Largely due to the exponential growth of worldwide migrant remittance
flows from the 1990s onwards, the so-called ‘migration-development nexus’,
or the issue of the impacts of (international) migration upon the
development of the migrants’ territories of origin, has been the object of
much renewed attention over the last few years. The latest wave of research
and advocacy has largely been an enthusiastic one, but the topic has
traditionally been characterised by a controversy that refuses to go away –
otherwise known as “the unsettled relationship”
No one denies that the scale and scope of the technological development of the last 60 years are unprecedented. This includes the rapid development of microelectronics technologies and the widespread diffusion of information and communication technologies. Bio-, nano- and alternative energy technologies are emerging as new frontiers. Not only has all this changed the everyday life of ordinary people, but the economy, especially its industrial structure, has also been reshaped. Productivity for existing products has grown significantly and the pace at which new products are created has accelerated. Economy and knowledge and/or technology are integrated with each other more closely than ever before.
In the concluding pages to his Limits to Capital, David Harvey makes a powerful argument that the configuration of space needs to be understood as an ‘active constitutive moment in the dynamics of accumulation’. By this, Harvey means that the configuration of space both enables and expresses the form taken by capitalist accumulation, while simultaneously acting as a possible mechanism of crisis resolution – a process that Harvey described as a ‘spatial fix’. Capitalism is continually precipitating shifts in the relationships between different spaces – the movement of capital and labour across countries and regions, devaluation of existing fixed capital complexes in specific spaces, the creation of new class fractions and alliances across geographical zones and so forth. Through this incessant reworking of its own spatiality, capitalism lays the basis for new and expanded possibilities of accumulation. Simultaneously, contradictions begin to grow within these spatial relations – over time developing into fetters on accumulation that inevitably end in a sharp break and transition to a new configuration of space.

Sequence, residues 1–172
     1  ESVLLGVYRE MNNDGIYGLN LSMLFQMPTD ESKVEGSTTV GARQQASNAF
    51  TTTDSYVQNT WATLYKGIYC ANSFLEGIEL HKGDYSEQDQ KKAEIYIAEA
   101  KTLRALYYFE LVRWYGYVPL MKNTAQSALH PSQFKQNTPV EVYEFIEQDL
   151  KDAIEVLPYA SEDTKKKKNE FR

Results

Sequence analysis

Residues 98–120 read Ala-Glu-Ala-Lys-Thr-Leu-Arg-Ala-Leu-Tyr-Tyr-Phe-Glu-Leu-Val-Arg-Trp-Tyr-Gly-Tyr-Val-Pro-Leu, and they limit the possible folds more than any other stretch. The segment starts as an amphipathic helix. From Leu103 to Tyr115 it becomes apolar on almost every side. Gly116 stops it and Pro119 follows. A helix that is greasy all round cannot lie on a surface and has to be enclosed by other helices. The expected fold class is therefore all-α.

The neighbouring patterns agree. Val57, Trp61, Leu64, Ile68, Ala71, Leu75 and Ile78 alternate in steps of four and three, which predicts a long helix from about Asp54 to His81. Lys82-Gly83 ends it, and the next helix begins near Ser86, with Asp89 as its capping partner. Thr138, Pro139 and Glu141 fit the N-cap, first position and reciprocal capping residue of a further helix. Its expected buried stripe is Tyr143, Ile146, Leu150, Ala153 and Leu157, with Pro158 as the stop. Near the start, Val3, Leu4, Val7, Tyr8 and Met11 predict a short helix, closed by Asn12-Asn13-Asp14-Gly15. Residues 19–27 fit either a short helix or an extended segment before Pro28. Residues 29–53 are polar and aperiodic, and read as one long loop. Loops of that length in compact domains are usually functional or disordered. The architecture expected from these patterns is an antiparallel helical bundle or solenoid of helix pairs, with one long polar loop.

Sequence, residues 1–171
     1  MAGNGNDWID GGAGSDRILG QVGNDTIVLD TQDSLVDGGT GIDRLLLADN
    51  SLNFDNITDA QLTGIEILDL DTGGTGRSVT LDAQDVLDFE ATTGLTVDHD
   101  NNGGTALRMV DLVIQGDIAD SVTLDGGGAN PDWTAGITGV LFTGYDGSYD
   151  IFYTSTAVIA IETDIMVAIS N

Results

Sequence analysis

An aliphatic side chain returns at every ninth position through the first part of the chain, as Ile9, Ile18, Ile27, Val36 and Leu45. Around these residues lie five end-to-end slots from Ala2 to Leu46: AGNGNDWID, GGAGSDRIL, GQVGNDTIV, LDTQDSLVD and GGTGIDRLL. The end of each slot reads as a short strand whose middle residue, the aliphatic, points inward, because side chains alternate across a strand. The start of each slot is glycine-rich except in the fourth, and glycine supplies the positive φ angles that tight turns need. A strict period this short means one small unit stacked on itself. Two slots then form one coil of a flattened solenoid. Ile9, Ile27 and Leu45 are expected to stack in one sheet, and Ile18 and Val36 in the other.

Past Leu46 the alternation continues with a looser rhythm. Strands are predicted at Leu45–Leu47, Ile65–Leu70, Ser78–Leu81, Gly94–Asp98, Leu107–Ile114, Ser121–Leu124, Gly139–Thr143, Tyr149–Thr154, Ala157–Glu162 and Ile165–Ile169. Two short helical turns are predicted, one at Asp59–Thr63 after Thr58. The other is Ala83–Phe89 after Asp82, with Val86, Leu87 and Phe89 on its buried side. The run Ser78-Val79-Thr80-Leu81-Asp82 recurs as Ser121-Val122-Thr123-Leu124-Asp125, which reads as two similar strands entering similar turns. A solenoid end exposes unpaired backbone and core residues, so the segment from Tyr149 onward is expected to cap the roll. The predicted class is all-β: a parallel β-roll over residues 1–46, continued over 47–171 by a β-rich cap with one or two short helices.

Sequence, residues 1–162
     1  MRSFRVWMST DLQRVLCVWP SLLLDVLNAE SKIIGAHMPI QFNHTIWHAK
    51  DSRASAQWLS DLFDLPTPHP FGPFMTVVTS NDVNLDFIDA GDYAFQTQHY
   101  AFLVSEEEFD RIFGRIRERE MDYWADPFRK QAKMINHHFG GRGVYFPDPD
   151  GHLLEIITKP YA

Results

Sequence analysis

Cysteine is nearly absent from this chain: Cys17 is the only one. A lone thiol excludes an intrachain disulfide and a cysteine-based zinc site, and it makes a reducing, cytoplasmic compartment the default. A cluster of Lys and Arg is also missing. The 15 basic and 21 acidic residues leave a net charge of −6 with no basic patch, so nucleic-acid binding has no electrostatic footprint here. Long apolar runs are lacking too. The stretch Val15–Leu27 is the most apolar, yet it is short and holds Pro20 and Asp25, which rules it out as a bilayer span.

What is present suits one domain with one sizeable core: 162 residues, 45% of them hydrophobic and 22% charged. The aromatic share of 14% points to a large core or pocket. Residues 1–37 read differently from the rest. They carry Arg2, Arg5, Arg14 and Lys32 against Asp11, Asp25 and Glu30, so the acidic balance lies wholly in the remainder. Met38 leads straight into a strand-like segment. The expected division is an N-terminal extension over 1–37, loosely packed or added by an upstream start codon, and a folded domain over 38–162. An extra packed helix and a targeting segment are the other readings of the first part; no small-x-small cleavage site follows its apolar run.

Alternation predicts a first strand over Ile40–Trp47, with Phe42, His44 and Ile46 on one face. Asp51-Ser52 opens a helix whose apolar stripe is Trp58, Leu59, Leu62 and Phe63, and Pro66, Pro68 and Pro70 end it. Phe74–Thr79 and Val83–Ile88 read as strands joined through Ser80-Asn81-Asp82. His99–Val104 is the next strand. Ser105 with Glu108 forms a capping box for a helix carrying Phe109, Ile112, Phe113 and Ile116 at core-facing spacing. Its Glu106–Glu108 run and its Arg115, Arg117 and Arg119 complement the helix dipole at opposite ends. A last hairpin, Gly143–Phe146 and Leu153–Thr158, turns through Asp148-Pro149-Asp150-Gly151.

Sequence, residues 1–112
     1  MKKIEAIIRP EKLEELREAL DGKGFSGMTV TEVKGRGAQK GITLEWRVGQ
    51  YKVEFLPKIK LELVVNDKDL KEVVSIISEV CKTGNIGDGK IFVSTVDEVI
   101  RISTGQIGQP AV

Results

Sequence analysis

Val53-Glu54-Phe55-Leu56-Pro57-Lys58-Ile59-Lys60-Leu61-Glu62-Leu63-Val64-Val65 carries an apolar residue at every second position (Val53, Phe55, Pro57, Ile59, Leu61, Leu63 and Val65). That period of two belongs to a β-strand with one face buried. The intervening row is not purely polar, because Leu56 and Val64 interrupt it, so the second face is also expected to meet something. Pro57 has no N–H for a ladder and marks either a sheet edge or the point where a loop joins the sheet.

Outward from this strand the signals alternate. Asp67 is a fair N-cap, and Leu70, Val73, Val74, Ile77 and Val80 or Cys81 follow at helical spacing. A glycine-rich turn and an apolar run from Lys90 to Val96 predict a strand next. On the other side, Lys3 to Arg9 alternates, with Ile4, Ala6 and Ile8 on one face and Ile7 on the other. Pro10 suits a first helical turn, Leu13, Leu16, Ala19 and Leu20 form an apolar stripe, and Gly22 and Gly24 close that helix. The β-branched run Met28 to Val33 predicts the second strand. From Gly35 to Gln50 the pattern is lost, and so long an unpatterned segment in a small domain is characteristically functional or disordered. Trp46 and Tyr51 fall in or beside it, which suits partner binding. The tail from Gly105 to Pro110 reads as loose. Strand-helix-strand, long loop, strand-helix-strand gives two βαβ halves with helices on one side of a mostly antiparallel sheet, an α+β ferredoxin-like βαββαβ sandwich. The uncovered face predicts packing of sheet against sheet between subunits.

The concept of the development of underdevelopment was originally used by Andre Gunder Frank to describe a historical process, which is the result of colonial or the neocolonial forms of economical exploitation and dependence. However, nowadays this concept must be understood in a Schumpeterian way. In the process of economic development, it is the establishment of the new paradigms of accumulation and reproduction of social wealth by leading countries. The countries not following or lately following the last developments experienced by the core countries are reproducing obsolete goods and services, in other words, developing underdevelopment. In some countries, this process may be aggravated by economic restructurisation through a process of deindustrialization concomitant with the establishment of non-dynamic unsustainable sectors as result of the activities of the financial sector. This process may be called as “The Latvian Disease”. This paper explicates this idea, showing how Latvia in the last few years faced both a process of underdevelopment and the development of underdevelopment, which would have resulted in the actual crisis with or without the international credit crunch.
The topic of “hegemonic transitions” has attracted much
attention in recent years as the rate of economic growth in East Asia surpassed
by far the one in the West. Based on the United States’ declining shares in
global output, trade and investments at the expense of East Asia, the claim is
that the centre of growth in the world economy is shifting towards the latter
part of the globe, towards China in particular.
Some Nostradamuses already envisage a “Pax Sinica” where “The renminbi will displace the dollar as the world’s reserve currency; Shanghai will overshadow New York and London as the centre of finance; […] global citizens will use Mandarin as much as, if not more than, English; the thoughts of Confucius will become as familiar as those of Plato
As some of you may have guessed, I take my title from David Harvey’s notion of “fix”; that the accumulation of capital is a value process that orders and reorders (or fixes) each and every aspect of economic and social life. This is not to be rigid or deterministic. Of course, Harvey’s inspiration came from within the field of geography and has inspired considerable scholarship over and above his own, both within this discipline and others. In the first instance, as geographer, his concern was with the (re)construction of space or the built environment in the process of accumulation. Subsequently, he has discussed other fixes such as for finance, and he might also have thought of his own understandings of the new imperialism, neo-liberalism and accumulation by dispossession as contemporary fixes for the modern era.